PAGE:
The wave of Troubles that began in Ireland in 1968 may now be nearing its end. Last week, fittingly enough on Good Friday, negotiations between British and Irish, Catholic and Protestant politicians ended successfully with an agreement all major parties supported. An agreement has been ironed out between the parties whose hatred of each other has resulted in the deaths of thousands and the misery of millions. Now it is up to the Irish public and its elected representatives to support the agreement and out it into practice.
The agreement was reached after 22 months of talks mediated by former U.S. Senator George Mitchell, which included moderates and hard-liners from both sides who renounced the use of violence. This was key to the agreement – any final compromise would have to be acceptable to both Catholic and Protestant militants. This inclusion of the different parties who had waged war against one another for years resulted in an agonizingly slow pace of negotiations. Frustration with that slow pace several times led to the breaking of guerrilla groups’ cease-fires.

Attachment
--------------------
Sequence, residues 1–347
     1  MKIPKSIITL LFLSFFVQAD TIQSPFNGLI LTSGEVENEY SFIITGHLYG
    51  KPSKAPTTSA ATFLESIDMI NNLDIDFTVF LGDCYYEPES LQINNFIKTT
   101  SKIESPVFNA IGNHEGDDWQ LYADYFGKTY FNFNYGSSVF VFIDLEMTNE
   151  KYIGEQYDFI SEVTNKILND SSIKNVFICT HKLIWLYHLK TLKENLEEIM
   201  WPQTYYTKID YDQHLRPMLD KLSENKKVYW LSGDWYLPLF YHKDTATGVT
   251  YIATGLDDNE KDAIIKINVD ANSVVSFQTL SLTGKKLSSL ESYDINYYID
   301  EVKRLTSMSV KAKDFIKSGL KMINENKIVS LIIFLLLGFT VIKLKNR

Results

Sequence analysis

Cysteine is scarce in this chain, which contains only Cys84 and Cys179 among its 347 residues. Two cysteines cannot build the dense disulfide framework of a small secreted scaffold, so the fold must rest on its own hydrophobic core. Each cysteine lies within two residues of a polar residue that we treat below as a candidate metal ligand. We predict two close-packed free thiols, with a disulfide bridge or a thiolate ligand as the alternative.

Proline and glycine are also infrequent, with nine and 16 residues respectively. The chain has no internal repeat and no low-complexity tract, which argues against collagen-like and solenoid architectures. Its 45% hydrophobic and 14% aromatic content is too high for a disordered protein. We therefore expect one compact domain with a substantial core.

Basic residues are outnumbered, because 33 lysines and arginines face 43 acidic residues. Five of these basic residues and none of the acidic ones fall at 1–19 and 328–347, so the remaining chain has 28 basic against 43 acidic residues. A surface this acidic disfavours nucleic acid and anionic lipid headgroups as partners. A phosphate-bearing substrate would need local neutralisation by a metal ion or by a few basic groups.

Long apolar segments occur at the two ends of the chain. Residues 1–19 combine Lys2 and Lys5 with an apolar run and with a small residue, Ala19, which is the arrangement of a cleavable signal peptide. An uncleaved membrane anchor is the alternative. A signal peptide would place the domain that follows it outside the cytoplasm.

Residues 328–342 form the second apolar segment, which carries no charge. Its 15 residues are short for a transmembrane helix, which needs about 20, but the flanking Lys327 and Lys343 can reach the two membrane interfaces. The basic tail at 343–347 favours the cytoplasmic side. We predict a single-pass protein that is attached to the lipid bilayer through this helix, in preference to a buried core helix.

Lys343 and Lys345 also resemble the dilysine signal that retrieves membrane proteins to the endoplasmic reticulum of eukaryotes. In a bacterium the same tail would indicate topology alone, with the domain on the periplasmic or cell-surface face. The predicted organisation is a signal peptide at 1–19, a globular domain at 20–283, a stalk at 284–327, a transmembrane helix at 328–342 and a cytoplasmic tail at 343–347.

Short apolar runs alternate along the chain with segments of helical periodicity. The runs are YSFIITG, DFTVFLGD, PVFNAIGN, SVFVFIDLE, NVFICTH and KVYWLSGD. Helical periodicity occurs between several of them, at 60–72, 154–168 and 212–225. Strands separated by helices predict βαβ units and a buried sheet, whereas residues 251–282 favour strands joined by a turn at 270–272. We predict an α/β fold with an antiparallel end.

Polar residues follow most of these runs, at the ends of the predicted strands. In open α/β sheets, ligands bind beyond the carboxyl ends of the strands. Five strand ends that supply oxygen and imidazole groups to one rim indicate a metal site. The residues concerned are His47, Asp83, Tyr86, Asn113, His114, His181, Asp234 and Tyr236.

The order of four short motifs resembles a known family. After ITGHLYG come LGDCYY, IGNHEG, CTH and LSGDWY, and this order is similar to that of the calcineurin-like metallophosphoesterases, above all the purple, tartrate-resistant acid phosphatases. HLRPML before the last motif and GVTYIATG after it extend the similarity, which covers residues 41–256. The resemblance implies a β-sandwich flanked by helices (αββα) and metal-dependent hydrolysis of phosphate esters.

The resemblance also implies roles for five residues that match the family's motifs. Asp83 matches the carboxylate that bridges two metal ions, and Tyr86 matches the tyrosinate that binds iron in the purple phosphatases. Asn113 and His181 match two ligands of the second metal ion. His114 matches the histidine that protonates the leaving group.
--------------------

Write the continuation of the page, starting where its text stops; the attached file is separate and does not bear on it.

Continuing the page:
But the public’s exhaustion after decades of hostility, terrorism and death kept negotiations alive. How much longer could the killings go on? How many more murders of Protestants, only to be avenged by a fatal retaliation against Catholics, and vice versa, would be necessary until people had enough? Though some splinter groups have vowed never to accept any peace, the Irish people seem to have decided that it was time to start resolving the Troubles.
As this Easter weekend passes, the Irish have more of a reason to celebrate than in years past. But much more remains to be done. The agreement is worthless unless the public actively supports it and works to transform what is written on paper into an everyday reality. Generations of distrust and hatred will not disappear overnight. Nor will this agreement resolve all the concerns of the different segments of the Irish population. This agreement is, however, the best chance in a long time for the beginning of a real peace. It is now up to the general public to make it happen.
This article appeared in the April 13, 1998 issue of the Hatchet.